Thus seen, the "clash of civilizations" is a facile doctrine because it constructs the fault lines of the present global conflict on the basis of an outward expression of a much deeper and more fundamental entity: the belief system that gives rise to civilizations. By basing his thesis on a secondary entity – civilization – Huntington has failed to see anything deeper than a collection of cultural characteristics and phenomena or, in the words of Spengler, "the most external and artificial states" of a given people.
Once the focus is shifted to belief systems, rather than civilizations, we can see a dimension to current global realities which remains inaccessible if the conflict is viewed only as a civilizational phenomenon. This gain is not a superficial accretion; rather, it gives us the necessary tools to identify the real fault lines, and hence a proper understanding of the global situation. In other words, in order to understand the contemporary flow of events, we need to understand their source; the source of all action is belief. Thus, we need to explore the following questions: how do belief systems originate, and how do they become sacred for a given populace? We know that civilizations evolve, decay and disintegrate, but does a belief system also go through the same process? What is the belief system upon which contemporary Western civilization is based? Where did it come from? And what are the belief systems of the other civilizations with which the Western civilization is said to be clashing? Where did they come from? It is through these questions that we can begin to understand major flaws in Huntington’s formulation and also develop an alternative view.
To begin with, let us note that the belief system that produced the contemporary Western civilization first emerged in Europe around 1500 AD and since then has gone through numerous internal transformations. Its geographical expansion took it to North America, Australia and New Zealand. It is also to be noted that there are, indeed, various shades and hues of values, customs and beliefs in the societies and cultures which make up the fabric of contemporary Western civilization, but the concerns and values common to people who live in Europe, Australia, New Zealand and North America – the geographical region of Western civilization – have similarities which make these societies a civilizational unit, based on a specific belief system. The diversity of the contemporary West, then, is a diversity that is constrained within the broad framework of a common belief system.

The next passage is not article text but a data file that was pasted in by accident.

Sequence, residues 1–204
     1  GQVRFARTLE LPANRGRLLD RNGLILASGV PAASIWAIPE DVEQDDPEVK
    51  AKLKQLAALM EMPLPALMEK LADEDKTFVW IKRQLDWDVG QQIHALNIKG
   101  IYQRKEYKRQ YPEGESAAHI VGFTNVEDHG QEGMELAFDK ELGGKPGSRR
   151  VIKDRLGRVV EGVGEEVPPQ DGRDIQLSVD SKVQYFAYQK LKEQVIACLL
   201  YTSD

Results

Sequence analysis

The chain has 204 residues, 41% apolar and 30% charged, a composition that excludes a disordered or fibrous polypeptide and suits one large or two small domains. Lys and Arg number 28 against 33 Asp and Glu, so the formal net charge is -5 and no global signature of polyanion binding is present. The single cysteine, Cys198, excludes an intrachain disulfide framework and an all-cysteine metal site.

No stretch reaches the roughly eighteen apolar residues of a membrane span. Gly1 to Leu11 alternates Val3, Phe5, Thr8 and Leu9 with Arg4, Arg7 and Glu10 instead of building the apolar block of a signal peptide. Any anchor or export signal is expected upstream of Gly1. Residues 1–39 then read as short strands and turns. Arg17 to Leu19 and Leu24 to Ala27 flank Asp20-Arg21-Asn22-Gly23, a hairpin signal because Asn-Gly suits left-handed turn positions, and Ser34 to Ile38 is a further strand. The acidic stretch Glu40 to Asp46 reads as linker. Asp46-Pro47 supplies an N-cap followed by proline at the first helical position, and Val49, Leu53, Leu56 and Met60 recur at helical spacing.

Let us look next at the formation of this belief system. It arose through two revolutions: one in the natural sciences; the other through a reconstruction of Christianity. The former sought to achieve control over the physical world, the latter redefined values, ethics and worldview in order to establish a Kingdom of Man on earth. These two revolutions are intertwined. The scientific revolution of the seventeenth century, and the accompanying movement that sought to replace the older manifestations of Christianity with a new constructions, both originated in Europe, crossed the Atlantic and begat the contemporary West. This is the basis of a deeply felt and frequently expressed alliance between the peoples of Europe, North America, Australia and New Zealand. This view does not discount their differences, nor does it take away anything from regional cultures; it merely restates their common foundational basis and pedigree.